[[Jerusalem Times: Opinion]]

 

November 25, 2005

 

This week in Israel….. Behind the news with Gershon Baskin

 

 

The bulldozers moves “Forward”

 

Sharon once again proved that rules don’t apply to him.  Bolting the Likud, a political force that he gave birth to during the Begin era, now creating “Kadima (Forward)” -  his new political party, while serving as Prime Minister is unprecedented, probably throughout the world. There is little doubt that had Sharon stayed in the Likud he would have led that party to victory in the next elections.  His decision to bolt the Likud was motivated by the fact that the most popular Members of Knesset from that party are the so-called rebels who have made Sharon’s life in the Likud political hell. These rebels had no intention of allowing Sharon to move forward with any plans of further withdrawals and re-deployments in the West Bank. So instead, Sharon left them in the dust, riding high in the seat of the bulldozer, turned left and picking up 13 Likud ministers and MK’s and probably tens of Likud mayors and other activists.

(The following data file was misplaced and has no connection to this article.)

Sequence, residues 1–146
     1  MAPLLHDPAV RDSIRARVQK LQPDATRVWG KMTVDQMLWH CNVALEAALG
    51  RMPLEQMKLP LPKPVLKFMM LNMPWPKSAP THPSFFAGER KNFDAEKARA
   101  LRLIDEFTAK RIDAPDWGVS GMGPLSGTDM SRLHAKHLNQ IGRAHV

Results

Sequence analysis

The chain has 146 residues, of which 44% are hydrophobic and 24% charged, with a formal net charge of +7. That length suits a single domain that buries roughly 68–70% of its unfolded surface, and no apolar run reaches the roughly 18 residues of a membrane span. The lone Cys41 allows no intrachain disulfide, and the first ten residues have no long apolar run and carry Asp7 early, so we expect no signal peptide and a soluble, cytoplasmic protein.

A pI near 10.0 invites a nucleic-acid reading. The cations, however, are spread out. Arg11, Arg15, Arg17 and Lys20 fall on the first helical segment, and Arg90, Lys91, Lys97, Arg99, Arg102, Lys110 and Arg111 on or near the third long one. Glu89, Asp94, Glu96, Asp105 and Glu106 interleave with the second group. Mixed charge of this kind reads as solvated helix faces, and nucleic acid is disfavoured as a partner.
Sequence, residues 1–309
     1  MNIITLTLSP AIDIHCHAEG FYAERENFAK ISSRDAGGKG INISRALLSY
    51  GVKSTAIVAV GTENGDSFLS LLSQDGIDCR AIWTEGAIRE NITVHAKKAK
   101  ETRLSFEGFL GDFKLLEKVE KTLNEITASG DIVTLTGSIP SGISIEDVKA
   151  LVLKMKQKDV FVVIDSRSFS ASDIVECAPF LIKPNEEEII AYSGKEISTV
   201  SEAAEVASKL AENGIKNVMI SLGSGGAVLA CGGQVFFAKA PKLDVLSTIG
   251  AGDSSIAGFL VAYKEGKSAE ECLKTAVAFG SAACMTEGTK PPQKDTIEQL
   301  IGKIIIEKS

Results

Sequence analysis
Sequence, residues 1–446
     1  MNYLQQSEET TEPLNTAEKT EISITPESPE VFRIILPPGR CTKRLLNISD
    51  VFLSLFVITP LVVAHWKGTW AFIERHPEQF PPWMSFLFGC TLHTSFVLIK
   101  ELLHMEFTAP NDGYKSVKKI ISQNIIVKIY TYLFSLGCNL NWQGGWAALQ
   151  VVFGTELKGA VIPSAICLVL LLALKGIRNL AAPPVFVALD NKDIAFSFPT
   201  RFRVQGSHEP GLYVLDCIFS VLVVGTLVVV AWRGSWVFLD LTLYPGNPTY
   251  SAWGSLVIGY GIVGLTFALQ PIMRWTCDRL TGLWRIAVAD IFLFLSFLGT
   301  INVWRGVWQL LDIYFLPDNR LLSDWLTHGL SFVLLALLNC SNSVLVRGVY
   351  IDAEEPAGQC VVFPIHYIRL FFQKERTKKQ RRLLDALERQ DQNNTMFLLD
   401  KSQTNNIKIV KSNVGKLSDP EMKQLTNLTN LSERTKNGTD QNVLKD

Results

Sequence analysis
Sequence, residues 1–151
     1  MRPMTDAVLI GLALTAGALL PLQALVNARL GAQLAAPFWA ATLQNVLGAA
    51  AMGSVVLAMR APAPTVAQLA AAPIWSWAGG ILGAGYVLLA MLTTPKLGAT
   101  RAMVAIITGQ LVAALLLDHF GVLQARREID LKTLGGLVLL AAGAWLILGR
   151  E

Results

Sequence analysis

In the short-term, those who jumped on board with Sharon will be rewarded with a sure place in the next Knesset without having to stand for primaries - with all of the associated expenses and aggravations. Sharon will personally select the list for his new party – there is no membership, no institutions, and no constitution -  basically there is no party. In the longer run, it is likely that Sharon’s Kadima is a one-time affair. In four years from now, Sharon will be out of the political arena and Kadima will move forward into oblivion. Without Sharon at its helm, there is no party and those who join it now, leaving their original political homes will find it more than difficult to find a welcome mat in front of the old doors (or even new ones).